For the record, my foot boards stuck out about a hair farther than the main boards. While it was very tempting to tighten that up, I decided to follow Jimmy DiResta's wisdom here: "If it looks straight, it is straight." It wasn't worth the time nor the risk of screwing things up for me to adjust the depth any further. You do what you like, of course!
Step 4: Creating the Curves
Next I took my round object, in this case a small paint can, and marked a curve on the top corner of the boards. I then took those boards to the band saw and cut off the curve. Then I smoothed out that cut on the stationary sander.
The trick here is to leave the line when cutting on the band saw so you can fine tune the shape on the sander. Remember that the final version of these curves don't all need to look exactly the same, they just need to look smooth and consistent. But it's worth mentioning that if you'd rather not deal with curves here, you could sub out a chamfer on the corners instead.
Step 5: Rounding Over the Edges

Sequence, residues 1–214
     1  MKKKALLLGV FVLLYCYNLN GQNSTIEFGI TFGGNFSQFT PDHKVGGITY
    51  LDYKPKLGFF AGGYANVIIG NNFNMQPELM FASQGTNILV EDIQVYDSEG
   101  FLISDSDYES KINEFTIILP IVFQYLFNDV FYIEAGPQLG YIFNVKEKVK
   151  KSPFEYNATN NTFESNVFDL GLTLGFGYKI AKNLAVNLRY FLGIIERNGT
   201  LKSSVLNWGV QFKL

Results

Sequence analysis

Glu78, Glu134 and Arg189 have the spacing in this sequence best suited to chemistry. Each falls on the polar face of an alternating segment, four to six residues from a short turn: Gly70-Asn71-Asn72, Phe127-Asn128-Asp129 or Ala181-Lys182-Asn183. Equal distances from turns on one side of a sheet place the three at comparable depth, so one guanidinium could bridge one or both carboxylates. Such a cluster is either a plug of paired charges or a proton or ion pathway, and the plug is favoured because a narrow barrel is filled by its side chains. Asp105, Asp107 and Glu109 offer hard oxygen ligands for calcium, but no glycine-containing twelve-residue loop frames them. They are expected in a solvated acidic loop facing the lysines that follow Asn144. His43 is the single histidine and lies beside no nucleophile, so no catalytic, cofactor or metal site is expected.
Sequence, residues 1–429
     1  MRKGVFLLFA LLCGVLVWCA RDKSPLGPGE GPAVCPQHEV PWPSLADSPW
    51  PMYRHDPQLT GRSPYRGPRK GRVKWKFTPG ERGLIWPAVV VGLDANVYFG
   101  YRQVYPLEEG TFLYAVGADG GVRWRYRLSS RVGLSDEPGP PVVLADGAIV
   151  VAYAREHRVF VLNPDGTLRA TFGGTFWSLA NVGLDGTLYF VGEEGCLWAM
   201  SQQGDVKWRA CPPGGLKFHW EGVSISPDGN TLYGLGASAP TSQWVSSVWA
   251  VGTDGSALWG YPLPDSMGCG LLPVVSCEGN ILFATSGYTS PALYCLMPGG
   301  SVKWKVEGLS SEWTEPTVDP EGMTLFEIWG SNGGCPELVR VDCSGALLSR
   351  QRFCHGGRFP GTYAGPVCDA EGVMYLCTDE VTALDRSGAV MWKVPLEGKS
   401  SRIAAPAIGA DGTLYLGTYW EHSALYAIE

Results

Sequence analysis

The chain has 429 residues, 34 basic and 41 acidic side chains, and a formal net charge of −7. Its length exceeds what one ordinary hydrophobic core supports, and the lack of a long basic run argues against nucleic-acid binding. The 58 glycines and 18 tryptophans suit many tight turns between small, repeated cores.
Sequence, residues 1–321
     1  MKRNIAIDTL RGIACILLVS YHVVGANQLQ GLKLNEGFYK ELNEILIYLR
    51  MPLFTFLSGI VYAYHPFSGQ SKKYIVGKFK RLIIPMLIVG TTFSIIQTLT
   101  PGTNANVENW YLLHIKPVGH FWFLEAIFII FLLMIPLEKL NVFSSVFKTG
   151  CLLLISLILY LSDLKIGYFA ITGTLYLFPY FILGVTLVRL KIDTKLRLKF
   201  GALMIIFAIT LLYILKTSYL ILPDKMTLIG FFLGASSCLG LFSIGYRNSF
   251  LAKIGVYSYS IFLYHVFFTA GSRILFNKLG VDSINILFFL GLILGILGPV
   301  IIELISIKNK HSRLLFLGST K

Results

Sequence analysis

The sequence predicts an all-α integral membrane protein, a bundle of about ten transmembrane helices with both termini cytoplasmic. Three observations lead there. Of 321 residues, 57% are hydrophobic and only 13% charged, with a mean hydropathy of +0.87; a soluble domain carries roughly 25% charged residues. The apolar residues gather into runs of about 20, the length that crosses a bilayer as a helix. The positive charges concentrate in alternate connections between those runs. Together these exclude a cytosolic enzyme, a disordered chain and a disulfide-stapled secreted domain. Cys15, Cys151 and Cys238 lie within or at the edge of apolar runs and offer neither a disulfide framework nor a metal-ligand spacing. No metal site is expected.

Next we'll use a router to smooth out the edges. Construction grade lumber like this comes with rounded over edges already, so I only needed to address the areas where I had cut the curves.
I first installed a 1/4" roundover bit in my router, which in my case is installed in a router table. Then I set the depth of the router in the router table so the bottom of the curve of the bit was just below the surface of the table. I ran a test piece through and adjusted the bit depth from there to make sure the cut was smooth and didn't leave any grooves.Then I rounded over all the pieces that needed it, being careful to monitor grain direction and move the work in the correct direction to stay safe and avoid chipout.
If you don't have a router, you could achieve similar satisfactory results with either a hand plane or sandpaper in exchange for spending a little more time and reducing consistency.
Step 6: Sanding
Now is a good time to sand our boards. It is easier to do this now while everything is separated before gluing them all together.
This process is fairly simple, especially with a tool like a random orbital sander. I started by shaping with a coarse 80 grit sandpaper, spending quite a bit of time sanding out dings and softening transitions. From there, it's a matter of quickly hitting all of the surfaces again with medium (120) and fine (220) grits. The second two grits go much faster because there is less smoothing to do.